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Opposition drive fails to derail region's $1.8-million tote-and-truck trash plan

Bill Dumont is leading a push to halt the new CVRD plan to turn south Cowichan waste collection into a public utility. - Peter W. Rusland/file
Bill Dumont is leading a push to halt the new CVRD plan to turn south Cowichan waste collection into a public utility.
— image credit: Peter W. Rusland/file

Cowichan region's proposed tote-and-truck garbage and recycling plan is poised to proceed after an opposition drive failed Monday, initial results show.

Kathleen Harrison, Cowichan Valley Regional District's deputy-corporate secretary, said staff received just more than half of the 10% of electoral-response forms required to scrap the $1.8-million garbage plan, or force a referendum.

While 5.137% of forms — about 1,275 — were received from regional voters by 4:30 p.m. Monday, Harrison declined to say how many forms that percentage represents as some may be spoiled, or ruled invalid during official auditing.

CVRD directors could adopt the public waste plan once they get the officials results Dec. 12 from Harrison.

But chairman Rob Hutchins said his board will now mull AAP results, and public feedback, before deciding about the trash plan.

Opponents, such as Bill Dumont, needed to collect and submit 2,550 official forms — 10% of the CVRD's eligible electors — by Monday's deadline.

"I'm disappointed we didn't get the numbers," he said. "We got out there too late."

But Dumont was upset by what he claimed is a process "stacked against" locals.

"We're not even allowed to be present when the ballots are being counted."

Hutchins said staff found no provincial provision for scrutineers.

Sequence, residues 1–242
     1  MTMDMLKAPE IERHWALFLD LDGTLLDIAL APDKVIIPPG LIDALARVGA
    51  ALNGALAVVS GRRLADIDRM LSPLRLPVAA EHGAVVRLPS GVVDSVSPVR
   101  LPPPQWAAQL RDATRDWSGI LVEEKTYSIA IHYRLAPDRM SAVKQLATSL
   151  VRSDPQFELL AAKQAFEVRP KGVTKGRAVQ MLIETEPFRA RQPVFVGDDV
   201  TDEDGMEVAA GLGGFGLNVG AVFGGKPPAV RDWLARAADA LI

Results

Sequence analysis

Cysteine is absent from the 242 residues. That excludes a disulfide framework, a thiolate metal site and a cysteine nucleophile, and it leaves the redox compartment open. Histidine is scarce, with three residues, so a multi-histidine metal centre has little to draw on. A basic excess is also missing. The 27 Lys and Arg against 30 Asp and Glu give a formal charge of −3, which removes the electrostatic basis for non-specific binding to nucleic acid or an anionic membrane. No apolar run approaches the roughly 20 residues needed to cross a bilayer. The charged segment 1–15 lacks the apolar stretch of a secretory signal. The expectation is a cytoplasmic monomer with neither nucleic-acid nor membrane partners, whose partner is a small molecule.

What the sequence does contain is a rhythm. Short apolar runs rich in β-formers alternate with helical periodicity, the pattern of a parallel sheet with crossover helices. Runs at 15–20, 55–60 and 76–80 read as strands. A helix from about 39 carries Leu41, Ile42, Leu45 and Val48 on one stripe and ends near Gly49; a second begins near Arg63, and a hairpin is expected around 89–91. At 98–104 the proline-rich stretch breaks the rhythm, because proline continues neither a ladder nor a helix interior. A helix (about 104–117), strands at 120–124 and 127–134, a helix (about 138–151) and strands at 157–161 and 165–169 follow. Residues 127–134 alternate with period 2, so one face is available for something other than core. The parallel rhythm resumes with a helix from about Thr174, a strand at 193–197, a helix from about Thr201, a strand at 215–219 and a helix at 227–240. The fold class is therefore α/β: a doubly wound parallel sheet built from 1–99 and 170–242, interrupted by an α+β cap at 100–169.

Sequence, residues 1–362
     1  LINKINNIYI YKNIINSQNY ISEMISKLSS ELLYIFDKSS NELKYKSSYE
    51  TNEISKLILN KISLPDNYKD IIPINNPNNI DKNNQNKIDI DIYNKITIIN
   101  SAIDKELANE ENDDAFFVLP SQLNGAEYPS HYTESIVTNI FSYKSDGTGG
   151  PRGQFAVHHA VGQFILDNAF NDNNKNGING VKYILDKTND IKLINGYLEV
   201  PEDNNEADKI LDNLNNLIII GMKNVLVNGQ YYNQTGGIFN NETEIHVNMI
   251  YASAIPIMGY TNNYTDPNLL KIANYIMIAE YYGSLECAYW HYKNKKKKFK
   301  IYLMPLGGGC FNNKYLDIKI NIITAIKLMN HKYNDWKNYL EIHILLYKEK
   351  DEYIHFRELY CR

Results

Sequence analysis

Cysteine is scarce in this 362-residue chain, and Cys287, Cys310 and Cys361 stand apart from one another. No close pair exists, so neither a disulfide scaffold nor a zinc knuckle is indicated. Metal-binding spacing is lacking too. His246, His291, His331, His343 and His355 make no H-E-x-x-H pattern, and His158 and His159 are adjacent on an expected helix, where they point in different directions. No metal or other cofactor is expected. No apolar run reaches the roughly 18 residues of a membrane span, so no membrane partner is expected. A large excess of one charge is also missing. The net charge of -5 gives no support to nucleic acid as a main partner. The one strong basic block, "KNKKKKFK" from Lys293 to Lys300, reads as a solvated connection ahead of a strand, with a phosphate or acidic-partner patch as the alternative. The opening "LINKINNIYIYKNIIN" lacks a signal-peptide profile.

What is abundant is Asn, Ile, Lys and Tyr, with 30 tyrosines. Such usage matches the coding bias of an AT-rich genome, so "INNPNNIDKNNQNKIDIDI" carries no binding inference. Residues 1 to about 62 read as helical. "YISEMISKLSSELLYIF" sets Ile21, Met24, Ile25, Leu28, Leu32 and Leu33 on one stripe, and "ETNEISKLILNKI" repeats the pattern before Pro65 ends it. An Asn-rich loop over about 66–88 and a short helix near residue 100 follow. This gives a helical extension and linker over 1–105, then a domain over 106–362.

"Forms have people's names and addresses. We suspect it has to do with privacy. I have no difficulty with the integrity of our staff."

Some people had trouble finding AAP forms at CVRD offices, and on the its website, Dumont added.

But the AAP notice started in August with advertising, mail outs and more, said Hutchins.

"The link for forms was on the front of the CVRD's homepage since the start of the 30-day AAP process."

Paper forms had to be delivered to Duncan's CVRD offices, and couldn't be completed on line though folks were told to download them there, Dumont said.

The CVRD also rejected forms faxed from residents travelling out of the area.

But Hutchins said AAP documents need original signatures. "There are also questions about receiving time. People were given plenty of notice. If there's a way to tweak it, we'll take that into consideration."

And Dumont claimed the CVRD lobbied the province to "raise the bar" to 10% of required forms, from a previous five percent — which opponents may have reached in this AAP.

"It stinks. It's so difficult to get the 2,550."

Hutchins said, "I don't recall any such resolution at our board table."

Official electoral results will appear in a CVRD agenda publicly available Dec. 6.

Staff's AAP report heads to the board Dec. 12.

It will detail count results, with form numbers received and counted valid or invalid, plus reasons for spoiled forms, Harrison explained.

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